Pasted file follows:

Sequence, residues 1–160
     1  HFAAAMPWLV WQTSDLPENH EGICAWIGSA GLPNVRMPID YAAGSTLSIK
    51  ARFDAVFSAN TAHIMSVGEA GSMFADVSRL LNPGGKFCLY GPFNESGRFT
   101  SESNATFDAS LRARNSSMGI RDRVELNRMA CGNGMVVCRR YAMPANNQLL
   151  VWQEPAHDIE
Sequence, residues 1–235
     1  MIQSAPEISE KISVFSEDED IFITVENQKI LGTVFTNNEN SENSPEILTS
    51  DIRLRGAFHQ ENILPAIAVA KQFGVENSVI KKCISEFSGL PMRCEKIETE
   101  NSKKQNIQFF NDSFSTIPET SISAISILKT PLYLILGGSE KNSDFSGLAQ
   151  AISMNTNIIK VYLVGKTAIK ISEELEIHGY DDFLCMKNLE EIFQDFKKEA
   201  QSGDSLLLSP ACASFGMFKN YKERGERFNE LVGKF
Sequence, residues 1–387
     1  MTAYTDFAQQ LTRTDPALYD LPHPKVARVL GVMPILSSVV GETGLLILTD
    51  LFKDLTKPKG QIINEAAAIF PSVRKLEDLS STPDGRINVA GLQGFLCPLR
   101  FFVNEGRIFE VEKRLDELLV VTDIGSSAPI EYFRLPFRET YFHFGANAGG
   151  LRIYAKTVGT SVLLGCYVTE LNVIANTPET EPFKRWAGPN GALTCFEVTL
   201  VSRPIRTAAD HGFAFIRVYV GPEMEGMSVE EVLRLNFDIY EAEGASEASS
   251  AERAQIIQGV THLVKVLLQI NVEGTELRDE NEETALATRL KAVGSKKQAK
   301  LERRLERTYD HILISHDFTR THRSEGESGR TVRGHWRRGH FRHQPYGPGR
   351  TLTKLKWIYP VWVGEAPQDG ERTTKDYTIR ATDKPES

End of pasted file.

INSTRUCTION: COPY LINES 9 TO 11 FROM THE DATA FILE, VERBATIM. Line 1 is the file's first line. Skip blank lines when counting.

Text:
   101  NSKKQNIQFF NDSFSTIPET SISAISILKT PLYLILGGSE KNSDFSGLAQ
   151  AISMNTNIIK VYLVGKTAIK ISEELEIHGY DDFLCMKNLE EIFQDFKKEA
   201  QSGDSLLLSP ACASFGMFKN YKERGERFNE LVGKF